'Where One Time I Served, Now I Got Others Serving Me': Women as Post-neo-slave Owners (Poster Presentations)

Cultural Studies and Media Studies / Interdisciplinary Humanities

Dana Horton (Mercy College)

My poster examines the ways that women in twenty-first century representations of slavery are constructed as post-neo-slave owners in addition to articulating the concept of a post-neo-slave narrative. I argue that Django Unchained and 12 Years a Slave are post-neo-slave narratives due to their postmodern treatment of slavery – both films utilize fantastical and supernatural elements in their representations of slavery, specifically as a method for reimagining slavery’s monstrosities. My analysis focuses on the moments where Django Unchained, which scholars typically read as playful and exaggerated, engage in realistic portrayals of slavery and 12 Years a Slave, which scholars praise for its historical realism, uses elements of fantasy when deviating from the original narrative. These moments involve women – in Django Unchained, Lara is characterized as a skilled slave-owner and madam while Broomhilda is treated as the damsel in distress, which is striking because black women are usually not portrayed as damsels; in 12 Years a Slave, Mistress Shaw and Patsey are more prominent characters in the film than they were in the original narrative, which I attribute to the increase of activism by black feminists who demand that filmmakers provide more complex representations of black women. Both films feature post-neo-slave owners by considering the ways in which postmodern conceptions of identity allow for black women to be characterized as slave-owners, which is an identity character that they are not typically associated with. I argue that both films utilize a slavery framework to provide commentary about the current American cultural climate by providing subtle connections between contemporary America and antebellum slavery. My poster will contain an overview of my argument, a section that focuses on each character I analyze, and a conclusion that briefly discusses the larger societal significance of this project.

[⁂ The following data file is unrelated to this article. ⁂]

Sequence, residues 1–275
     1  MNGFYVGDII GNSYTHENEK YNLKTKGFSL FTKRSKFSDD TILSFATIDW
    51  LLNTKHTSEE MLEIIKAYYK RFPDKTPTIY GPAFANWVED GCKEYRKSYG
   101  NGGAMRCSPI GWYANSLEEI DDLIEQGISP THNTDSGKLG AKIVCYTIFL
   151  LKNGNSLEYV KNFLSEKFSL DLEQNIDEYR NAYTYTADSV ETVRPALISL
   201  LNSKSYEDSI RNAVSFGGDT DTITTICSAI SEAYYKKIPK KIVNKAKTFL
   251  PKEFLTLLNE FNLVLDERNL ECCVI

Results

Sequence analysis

Dana Horton is an Assistant Professor of English at Mercy College. She received her Ph.D. in English at Northeastern University and her B.A. in English and African-American Studies at Temple University. Her teaching and research interests include Black Feminist Theory, African American Literature, Slave Narratives, Postcolonial Studies, Multi-ethnic Literature, and American Popular Culture. She is currently working on a book project titled "12 Years a Slave-Master: Gender, Genre, and Race in Post-Neo-Slave Narratives," which examines representations of black and white female slave-owners in twenty-first century American literature, film, and music.